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Watership Down – Richard Adams. – Yes I know it’s about bunnies. I still maintain that there’s a case for it being included in dystopian fiction. Fiver the seer, knows that  bad danger is coming to the Sandleford warren, with his brother Hazel and several other rabbits they manage to leave before, what would be to them, a catclymic world altering event occurs, killing all the others. Struggling to find a place in the world they stumble on Cowslip’s warren. This is a false Utopia, as it turns out all the rabbits there, while never hungry or worrying about enemies, are being kept safe and fat for when the farmer wants to catch a couple. The whole area is snared. And yet the rabbits of that warren make believe that they serve the shining wire, that death chooses them. Hazel’s group moves on and eventually finds Watership Down. It’s near perfect except that they have no does, without which their ociety will die out in a generation. Finding the Efrafra warren, a true totalitarian regime, where you are perfectly safe as long as you don’t disobey orders and live in (for rabbits) unnatural conditions, Hazel’s group effects a daring plan to break away a group of does to join them. The final battle for the survival of their own warren is against the dictator General Woundwort – possibly the scariet rabbit ever.

Brave New World – Aldous Huxley – The World State controls almost everything, it is all surprisingly peaceful, a stable society with plentiful goods and supplies. Natural birth has been done away with. Children are instead created and raised in hatcheries where they are conditions and separated into five caste systems. Citizens are conditioned to value consumption above all else. All need for transcendent, spiritual experience is managed by the state with Soma – a hallucinogenic approved for ‘holidays’. Recreational sex is encouraged. So with everything provided for you and everything figured out for you, where is the reward of thinking for yourself? What is there to strive for?

Fahrenheit 451 – Ray Bradbury – there’s a lot more to it that this but books are outlawed and burned as they promote free-thinking. This is literally my personal hell on earth.

Nineteen Eighty-Four – George Orwell – not so much a favorite as a must read. After a global atomic war (so set in obvious dystopian landscape) we follow the story of Winsten Smith, who is at intellectual war with The Party and has an illicit romance with Julia. His consequent imprisonment, interrogation, torture and reintegration are chilling.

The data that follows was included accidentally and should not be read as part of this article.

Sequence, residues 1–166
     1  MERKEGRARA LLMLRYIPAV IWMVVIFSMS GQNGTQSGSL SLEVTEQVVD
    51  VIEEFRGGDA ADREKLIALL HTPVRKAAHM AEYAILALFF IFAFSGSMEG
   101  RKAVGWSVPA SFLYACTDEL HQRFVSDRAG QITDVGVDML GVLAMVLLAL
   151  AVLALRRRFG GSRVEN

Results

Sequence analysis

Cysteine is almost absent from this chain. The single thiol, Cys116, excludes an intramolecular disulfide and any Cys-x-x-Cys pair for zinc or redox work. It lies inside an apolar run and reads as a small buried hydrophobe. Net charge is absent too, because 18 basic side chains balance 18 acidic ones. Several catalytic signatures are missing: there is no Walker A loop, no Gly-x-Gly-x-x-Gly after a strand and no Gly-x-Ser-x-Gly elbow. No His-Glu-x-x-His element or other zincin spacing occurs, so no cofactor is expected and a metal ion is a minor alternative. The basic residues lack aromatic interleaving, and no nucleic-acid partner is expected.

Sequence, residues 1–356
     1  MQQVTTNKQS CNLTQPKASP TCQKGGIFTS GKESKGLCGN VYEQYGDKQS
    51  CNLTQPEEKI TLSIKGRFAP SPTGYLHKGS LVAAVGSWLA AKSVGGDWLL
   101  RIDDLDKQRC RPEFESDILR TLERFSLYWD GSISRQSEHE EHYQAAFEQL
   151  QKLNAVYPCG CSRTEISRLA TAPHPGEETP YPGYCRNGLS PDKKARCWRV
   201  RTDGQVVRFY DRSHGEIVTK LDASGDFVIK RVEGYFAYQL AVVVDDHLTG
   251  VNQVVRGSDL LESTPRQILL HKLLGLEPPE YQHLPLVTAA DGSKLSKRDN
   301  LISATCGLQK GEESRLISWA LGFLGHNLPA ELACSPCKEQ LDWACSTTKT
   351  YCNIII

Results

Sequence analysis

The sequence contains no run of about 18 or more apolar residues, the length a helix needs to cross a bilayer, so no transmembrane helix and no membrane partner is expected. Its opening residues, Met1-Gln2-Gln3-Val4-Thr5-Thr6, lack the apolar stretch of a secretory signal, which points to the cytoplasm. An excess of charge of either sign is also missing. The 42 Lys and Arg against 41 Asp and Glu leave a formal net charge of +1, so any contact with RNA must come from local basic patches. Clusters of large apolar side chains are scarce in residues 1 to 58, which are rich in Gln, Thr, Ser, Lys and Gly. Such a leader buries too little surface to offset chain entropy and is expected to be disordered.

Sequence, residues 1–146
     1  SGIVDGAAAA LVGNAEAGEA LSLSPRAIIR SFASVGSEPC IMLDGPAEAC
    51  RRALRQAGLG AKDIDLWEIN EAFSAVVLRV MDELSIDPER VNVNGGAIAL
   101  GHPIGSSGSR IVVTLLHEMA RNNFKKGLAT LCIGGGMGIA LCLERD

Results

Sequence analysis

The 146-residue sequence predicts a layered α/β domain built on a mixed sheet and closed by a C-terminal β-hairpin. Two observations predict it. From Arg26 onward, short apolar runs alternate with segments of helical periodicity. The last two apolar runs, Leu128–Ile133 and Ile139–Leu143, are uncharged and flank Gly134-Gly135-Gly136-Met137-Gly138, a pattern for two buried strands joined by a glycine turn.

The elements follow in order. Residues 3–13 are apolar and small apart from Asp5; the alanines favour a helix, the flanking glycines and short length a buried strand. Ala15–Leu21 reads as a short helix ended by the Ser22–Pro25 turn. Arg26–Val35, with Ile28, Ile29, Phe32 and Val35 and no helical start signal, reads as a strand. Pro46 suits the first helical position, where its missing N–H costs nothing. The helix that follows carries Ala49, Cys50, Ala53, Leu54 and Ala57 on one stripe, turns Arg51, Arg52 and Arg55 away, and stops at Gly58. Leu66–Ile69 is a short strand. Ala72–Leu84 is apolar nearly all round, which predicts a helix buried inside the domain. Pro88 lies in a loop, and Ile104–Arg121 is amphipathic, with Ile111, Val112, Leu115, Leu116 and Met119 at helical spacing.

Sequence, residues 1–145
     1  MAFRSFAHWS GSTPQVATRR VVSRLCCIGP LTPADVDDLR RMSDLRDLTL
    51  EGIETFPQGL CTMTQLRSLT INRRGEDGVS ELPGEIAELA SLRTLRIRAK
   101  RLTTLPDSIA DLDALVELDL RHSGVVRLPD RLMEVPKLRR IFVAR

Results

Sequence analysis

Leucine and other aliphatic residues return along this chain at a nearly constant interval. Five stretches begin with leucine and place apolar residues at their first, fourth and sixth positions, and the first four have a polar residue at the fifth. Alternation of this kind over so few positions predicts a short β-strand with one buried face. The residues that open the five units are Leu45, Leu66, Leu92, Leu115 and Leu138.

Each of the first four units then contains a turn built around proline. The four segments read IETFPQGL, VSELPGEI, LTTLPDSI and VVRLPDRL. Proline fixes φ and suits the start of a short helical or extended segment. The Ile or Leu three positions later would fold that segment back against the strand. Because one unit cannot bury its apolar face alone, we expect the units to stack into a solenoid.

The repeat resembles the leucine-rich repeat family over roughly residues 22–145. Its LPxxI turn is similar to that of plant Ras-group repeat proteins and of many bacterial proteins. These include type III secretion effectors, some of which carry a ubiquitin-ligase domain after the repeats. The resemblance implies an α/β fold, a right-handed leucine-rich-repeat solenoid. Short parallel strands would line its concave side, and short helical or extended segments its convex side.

The Handmaid’s Tale – Margaret Attwood – read this first when I was 16 and was horribly struck by how possible it seemed. A christianity based theocratic regime rules everything after a global disaster. Few women have viable ovaries. Those who do are re-educated and sent out as handmaids to bear children for members of congress. The ritualistic adultary  in which the wife takes part, rendering the handmaid merely a womb for hire while the husband inseminates her is truly horrific. The ambiguity at the end is disturbing but right for the story, especially as one of the themes of the book is not knowing.

The Chrysalids – John Wyndham – possibly my absolute favorite. Man is made in a specific image, people are conditioned by a cut off, theocratic state, not to succour the mutant. Something as simple as being born with an extra toe can get you forcibly serilised and sent into the barren lands. But what about mutations that don’t show? A group of children develop a kind of telepathy which is found out and abhorred as a mutation. Their struggle is to find somewhere they can live un-persecuted. It is suggested that this mutation is actually one of nature, rather than nuclear fallout. So the question is how far will society go to control natural gene expression?

Pure – Julianna Baggott – in a post nuclear/ dirty bomb society, there are the pure, who live within the dome – seemingly perfect lives. And the aberrants who have eked out an existence outside the dome. As the politics unfolds it turns out that there is less perfection inside the dome than the imperfect aberrants think. There is also a question on just who set the bombs – surely not their own government on a mission of enthnic cleansing, attempting to set up their own superior race?

The Hunger Games – Suzanne Collins – I don’t care what anyone says about this being ripped off from ‘Battle Royale’. I don’t believe it is but even if it was, Collins took an idea and portrayed it a hundred times better. Deal with it. What the series looks at is what war really does to society, in particular, to children. The twelve districts of panem are controlled with a constant mix of fear, oppression, hardship, humiliation and a tiny insidious but of hope. Every year each district is forced to provide a male and female child tribute to compete in the games, where they are expected to fight to the death. A pretty good analogy for the pointlessness of war considering the arbitrariness of the  rules and what the games turn the children into.

There are dozens more books that cover various themes in a dystopian world. This is merely a small selection of my favorites. The attraction does not simply relate to reading either, I enjoy writing dystopian fiction. The themes it explores are close to my heart, questions that must be asked over and over in order to avoid such dark futures ourselves.

Throwback Thursday: Tales of York, Volume one – Plot and Character

(First Published on my old blog, 28th October 2013)

By now I wouldn’t blame you if you were thinking, ‘just how long can she go on about York FoW13? It was a month ago!’ And you’d be right in as far as no amount of blog posts can recapture the experience of going yourself. That said, I did learn some quantifiable skills with regard to writing so I’m passing them along. Think of it as a taster in case you decide to go to York FoW yourself one day. (Also I have a quota of posts to fill this month. Don’t worry though – there’ll only be a maximum of two more York rambles.)